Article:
Wednesday, November 16, 2016

2016 Hugo Winner - THE FIFTH SEASON by N. K. Jemisin

Last time, I praised Uprooted for the way it doled out its world-building. N. K. Jemisin ups the ante on this front significantly in this year's Hugo winner. The Fifth Season, the first in a trilogy, introduces a rich world full of exciting and original plot hooks that also serve as incredibly relevant allegories to our own world.

The Fifth Season takes place on a large, very geologically active continent called The Stillness. The frequent earthquakes, volcanic eruptions, and tsunamis lead to frequent "fifth seasons," which are basically periods of post-apocalyptic struggle. For millennia, one empire, the Sanzed centered in the city of Yumenes, has managed to ride out the fifth seasons with superior infrastructure and the control of people with special powers called orogenes. Orogenes can control kinetic energy on vast scales, calming the tectonic activity, among other things. Because they are so powerful, the people of the Stillness persecute orogenes violently, and the Sanzed Empire keeps them as slaves, training and indoctrinating them at a special school called the Fulcrum. And that's just the start of the world-building.

Jemisin explains all of this while alternately following an orogene recruit named Damaya, a powerful trained orogene named Syenite (they receive rings as they advance, and Syenite has five of the ten possible), and an orogene hiding as a commoner named Essun, who witnesses the beginning of a new, devastating fifth season. And there are both more details about the world (I haven't even gotten into the caste organization of the empire's communities, or comms) and a few surprises, like the inhuman race called the stone-eaters and the strange obelisks that float around as relics of a "deadciv" - a more advanced civilization destroyed by fifth seasons of the distant past. It's very dense, but I never felt lost. In fact, the book has two fairly lengthy appendices, but I got by fine without them, reading them only at the end to fill out my understanding of the world a little better. Jemisin skillfully fills the reader in, almost always showing rather than telling.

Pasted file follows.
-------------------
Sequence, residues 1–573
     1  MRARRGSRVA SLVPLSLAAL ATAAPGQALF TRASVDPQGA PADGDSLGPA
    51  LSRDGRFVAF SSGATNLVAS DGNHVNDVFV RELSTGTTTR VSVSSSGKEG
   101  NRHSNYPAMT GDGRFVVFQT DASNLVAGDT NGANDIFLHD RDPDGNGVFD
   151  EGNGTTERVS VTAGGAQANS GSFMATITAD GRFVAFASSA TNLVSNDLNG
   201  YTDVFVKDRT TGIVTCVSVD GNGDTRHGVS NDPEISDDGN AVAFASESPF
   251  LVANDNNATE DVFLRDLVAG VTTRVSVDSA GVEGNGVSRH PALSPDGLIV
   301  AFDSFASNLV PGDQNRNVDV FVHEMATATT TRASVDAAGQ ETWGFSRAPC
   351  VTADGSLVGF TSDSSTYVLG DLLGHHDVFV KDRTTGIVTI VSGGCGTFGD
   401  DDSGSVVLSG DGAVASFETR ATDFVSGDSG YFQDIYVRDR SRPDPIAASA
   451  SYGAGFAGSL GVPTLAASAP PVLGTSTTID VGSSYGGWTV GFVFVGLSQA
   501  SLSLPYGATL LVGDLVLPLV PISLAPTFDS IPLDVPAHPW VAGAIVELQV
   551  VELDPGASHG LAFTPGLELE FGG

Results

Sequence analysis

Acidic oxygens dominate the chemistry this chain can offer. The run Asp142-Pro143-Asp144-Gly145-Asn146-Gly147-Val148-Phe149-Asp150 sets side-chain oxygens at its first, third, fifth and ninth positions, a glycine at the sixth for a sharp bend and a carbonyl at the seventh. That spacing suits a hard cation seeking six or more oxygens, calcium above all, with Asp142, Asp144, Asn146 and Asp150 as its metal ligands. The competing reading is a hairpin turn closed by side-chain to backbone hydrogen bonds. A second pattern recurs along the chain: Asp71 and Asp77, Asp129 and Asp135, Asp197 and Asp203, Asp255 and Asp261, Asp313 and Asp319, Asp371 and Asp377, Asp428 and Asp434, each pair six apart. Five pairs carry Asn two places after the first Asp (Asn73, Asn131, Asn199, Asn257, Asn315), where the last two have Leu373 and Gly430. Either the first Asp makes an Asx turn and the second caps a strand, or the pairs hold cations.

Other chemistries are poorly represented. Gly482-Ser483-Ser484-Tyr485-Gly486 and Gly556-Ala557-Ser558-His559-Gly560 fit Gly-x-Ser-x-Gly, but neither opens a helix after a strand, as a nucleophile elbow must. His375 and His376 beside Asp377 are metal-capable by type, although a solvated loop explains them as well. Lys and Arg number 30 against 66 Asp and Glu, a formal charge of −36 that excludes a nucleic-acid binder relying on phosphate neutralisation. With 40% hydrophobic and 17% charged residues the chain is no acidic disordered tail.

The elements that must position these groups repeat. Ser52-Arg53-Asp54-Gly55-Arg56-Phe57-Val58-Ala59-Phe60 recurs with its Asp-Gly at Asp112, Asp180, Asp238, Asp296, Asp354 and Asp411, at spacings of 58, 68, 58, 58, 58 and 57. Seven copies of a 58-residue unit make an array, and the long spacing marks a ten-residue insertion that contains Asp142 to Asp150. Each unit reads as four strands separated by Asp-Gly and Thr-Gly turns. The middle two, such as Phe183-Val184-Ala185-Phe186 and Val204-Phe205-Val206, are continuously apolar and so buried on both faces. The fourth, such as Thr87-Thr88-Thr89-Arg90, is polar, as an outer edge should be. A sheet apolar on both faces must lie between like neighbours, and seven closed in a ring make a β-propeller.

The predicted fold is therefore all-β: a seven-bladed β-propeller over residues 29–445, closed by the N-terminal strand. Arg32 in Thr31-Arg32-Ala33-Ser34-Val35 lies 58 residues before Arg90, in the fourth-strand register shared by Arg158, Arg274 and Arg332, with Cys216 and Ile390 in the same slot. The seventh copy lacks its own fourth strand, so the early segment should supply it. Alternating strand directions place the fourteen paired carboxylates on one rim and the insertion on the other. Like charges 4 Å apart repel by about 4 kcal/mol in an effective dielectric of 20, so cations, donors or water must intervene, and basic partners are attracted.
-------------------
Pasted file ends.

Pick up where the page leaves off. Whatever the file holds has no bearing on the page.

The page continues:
Even more impressive: despite the complexity of this world, this is very much a character-centered story. We get to know and like the central characters very much, and the plight of the orogenes is an interesting metaphor for discrimination and exploitation of ethnic groups in our own world. Jemisin convincingly shows the hatred that the orogenes face, and the slur that people use against them "rogga" takes on an appropriate power here, and their exploitation also shows through clearly (in some rather horrific instances, some of which recall the history of American slavery).

I also think Jemisin's prose has developed really well since the last novel of hers that I read - it's rich and highly readable. This was an excellent novel; the best fantasy novel I've read in a while. I ended up reading four of the five nominees this year (missing only a purely sad puppy nom - review for Seveneves and Ancillary Mercy forthcoming), so I feel pretty confident in saying that the right book won this year. I expect this to become something of a classic, unless Jemisin struggles to finish out the trilogy on the same level at which she started it.

Grade: A

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